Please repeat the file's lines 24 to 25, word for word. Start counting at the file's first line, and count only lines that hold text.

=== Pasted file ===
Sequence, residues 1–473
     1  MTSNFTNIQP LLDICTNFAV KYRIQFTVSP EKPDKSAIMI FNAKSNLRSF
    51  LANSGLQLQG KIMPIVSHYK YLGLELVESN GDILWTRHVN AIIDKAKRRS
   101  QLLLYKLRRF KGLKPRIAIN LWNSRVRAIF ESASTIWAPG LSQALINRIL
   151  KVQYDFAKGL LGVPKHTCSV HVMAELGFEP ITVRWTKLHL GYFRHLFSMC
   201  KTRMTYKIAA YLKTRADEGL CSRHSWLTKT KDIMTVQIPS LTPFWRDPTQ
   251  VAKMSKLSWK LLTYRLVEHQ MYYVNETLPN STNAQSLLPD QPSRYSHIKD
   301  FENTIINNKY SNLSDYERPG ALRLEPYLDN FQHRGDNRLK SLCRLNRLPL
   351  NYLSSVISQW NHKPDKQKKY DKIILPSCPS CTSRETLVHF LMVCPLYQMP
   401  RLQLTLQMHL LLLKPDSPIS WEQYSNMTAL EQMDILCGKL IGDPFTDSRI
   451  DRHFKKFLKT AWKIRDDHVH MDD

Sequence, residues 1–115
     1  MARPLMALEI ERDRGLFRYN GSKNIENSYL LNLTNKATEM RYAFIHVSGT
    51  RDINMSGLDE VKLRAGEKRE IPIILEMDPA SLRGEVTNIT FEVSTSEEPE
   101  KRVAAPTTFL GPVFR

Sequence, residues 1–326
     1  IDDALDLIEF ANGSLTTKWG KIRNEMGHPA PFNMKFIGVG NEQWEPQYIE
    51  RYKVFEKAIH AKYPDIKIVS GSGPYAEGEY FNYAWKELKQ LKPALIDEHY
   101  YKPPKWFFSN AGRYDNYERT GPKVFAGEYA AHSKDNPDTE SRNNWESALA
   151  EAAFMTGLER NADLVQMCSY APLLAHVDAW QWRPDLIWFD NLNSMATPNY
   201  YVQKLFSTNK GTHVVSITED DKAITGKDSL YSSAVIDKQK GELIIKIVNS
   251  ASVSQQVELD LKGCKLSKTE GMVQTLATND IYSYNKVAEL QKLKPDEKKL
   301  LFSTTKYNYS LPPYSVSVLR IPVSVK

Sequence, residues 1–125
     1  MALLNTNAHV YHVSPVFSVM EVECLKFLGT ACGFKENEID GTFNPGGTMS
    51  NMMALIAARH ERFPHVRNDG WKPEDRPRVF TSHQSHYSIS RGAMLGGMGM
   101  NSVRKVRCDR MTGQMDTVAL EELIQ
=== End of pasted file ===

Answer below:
Sequence, residues 1–125
     1  MALLNTNAHV YHVSPVFSVM EVECLKFLGT ACGFKENEID GTFNPGGTMS